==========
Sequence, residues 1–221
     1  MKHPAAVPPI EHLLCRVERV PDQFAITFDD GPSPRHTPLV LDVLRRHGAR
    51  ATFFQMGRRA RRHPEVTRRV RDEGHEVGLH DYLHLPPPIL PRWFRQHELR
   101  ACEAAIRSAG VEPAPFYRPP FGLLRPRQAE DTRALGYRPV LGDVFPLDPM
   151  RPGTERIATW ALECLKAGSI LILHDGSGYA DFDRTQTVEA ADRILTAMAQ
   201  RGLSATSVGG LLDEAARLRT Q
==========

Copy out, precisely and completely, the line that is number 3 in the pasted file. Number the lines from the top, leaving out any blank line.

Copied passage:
    51  ATFFQMGRRA RRHPEVTRRV RDEGHEVGLH DYLHLPPPIL PRWFRQHELR